As the Court in Law emphasized, discrimination depends not on whether there is merely differential treatment but on whether plaintiffs are stripped of some human dignity. In that case, though ss. 44(d) and 58 of the Canada Pension Plan, RSC 1985, c C-8, reduced CPP benefits to younger surviving spouses according to an arbitrary formula they were not held to be discriminatory.  In Margolis, the trial judge conversely held that the PSSA scheme was illogical and consequently sent the message to older participants that their financial problems were not as worthy of concern; thus, their dignity was violated and s. 47 of the PSSA was unconstitutionally discriminatory.

In the case at bar, the majority of the BCCA held that the trial judge did not clearly err in finding that s. 47(1) of the PSSA and s. 66(1) of the CFSA provisions did not stigmatize the plaintiffs. They accepted his findings that supplementary benefits were part of a larger comprehensive scheme of insurance and pension designed to look after the changing needs of participants. While the comprehensive scheme was not perfect and would not meet the needs of every individual, it was broadly-based to meet the competing interests of its participants and did not contain the hallmarks of discrimination.

Rowles J.A., on the other hand, pointed out that the impugned provisions do not consider the greater needs of older spouses; indeed, they actually provides less to elderly applicants. While the government is not required to provide a benefit, should it choose to do so that benefit must be provided in a non-discriminatory fashion. According to her dissent, a reasonable person in this situation of the plaintiffs would feel devalued and ignored by these provisions.

Rowles J.A. also criticized the trial judge’s questionable reliance on evidence that no complaints were filed prior to Margolis as proof few such persons felt their dignity was violated. The inference seems to be a logical fallacy if one accepts other potential causes for a dearth of complaints (such as individuals’ desires to avoid conflict or unfamiliarity with the legal system). Finally, even if such a conclusion was warranted, the protections guaranteed by s. 15 of the Charter are for individuals, and accordingly should not be cast aside according to the feelings of a majority of comparable reasonable people.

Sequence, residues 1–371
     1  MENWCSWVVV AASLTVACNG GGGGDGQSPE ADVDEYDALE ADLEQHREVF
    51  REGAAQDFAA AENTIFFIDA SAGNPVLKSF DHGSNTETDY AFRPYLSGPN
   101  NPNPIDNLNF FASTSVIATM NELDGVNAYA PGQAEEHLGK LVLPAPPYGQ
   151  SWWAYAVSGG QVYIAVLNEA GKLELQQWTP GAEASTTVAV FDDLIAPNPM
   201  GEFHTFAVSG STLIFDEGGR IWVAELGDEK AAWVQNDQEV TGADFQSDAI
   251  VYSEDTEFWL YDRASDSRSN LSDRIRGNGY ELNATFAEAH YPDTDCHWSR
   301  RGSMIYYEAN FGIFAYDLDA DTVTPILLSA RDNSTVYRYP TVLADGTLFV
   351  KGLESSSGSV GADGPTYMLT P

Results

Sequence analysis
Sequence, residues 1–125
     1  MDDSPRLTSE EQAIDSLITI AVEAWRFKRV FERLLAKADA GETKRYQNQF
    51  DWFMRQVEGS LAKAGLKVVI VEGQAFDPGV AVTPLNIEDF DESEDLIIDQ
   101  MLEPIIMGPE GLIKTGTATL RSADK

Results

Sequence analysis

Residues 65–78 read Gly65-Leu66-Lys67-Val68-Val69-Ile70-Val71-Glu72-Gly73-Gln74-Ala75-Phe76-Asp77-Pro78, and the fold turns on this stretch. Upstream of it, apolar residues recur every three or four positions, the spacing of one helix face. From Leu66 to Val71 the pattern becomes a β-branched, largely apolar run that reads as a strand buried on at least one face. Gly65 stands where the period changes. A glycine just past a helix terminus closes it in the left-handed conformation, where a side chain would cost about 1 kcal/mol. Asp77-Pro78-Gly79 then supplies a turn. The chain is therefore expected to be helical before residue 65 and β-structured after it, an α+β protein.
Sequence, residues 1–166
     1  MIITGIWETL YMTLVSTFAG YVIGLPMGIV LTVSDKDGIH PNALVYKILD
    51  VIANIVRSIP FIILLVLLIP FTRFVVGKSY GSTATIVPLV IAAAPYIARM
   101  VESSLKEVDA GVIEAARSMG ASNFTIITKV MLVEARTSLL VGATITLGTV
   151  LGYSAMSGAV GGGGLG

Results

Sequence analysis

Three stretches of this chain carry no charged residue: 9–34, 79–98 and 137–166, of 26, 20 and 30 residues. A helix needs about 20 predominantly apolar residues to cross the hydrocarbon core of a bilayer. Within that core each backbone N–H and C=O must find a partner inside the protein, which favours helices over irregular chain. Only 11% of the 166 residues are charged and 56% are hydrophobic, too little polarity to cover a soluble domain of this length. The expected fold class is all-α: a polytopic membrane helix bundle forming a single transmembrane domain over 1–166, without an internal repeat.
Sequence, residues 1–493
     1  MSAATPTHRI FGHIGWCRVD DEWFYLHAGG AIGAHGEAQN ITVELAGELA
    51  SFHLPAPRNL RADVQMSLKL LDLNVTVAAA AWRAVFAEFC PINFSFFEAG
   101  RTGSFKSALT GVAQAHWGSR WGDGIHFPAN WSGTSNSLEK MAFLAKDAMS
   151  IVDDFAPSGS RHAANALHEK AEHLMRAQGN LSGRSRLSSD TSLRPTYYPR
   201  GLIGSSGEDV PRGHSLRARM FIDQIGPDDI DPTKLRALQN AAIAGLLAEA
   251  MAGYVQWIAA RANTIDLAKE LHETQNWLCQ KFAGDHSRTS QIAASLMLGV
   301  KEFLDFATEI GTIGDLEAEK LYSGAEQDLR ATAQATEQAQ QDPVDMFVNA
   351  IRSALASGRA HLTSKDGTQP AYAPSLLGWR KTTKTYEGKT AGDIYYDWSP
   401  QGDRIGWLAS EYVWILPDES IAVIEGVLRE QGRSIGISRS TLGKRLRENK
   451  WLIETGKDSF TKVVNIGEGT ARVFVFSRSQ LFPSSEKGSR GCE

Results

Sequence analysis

The judgment of the Court of Appeal raises warning flags for potentially troublesome developments in the area of equality and discrimination. At its most extreme, one can argue that a precedent could be set for future state actors to claim an impugned provision is a small part of a comprehensive scheme that merely results in differential treatment without discrimination.

Regarding the merits of the case, it is telling the provisions directly target the elderly as requiring less support, contrary to sociological data suggesting that often their need is greater. The dissenting arguments of Madame Justice Rowles strike a chord here: the purported legislative objective is clearly undermined by the scheme, and does not obtain its goal in a non-discriminatory manner. While the private sector is obviously concerned about the implications of this case, it is important to remember that the Charter acts as the final defence for the individual, even where utilitarian efficiency would ignore him.  At the very least, if the individual right must ultimately yield, the appropriate mechanism for achieving such a balancing act would be via s. 1.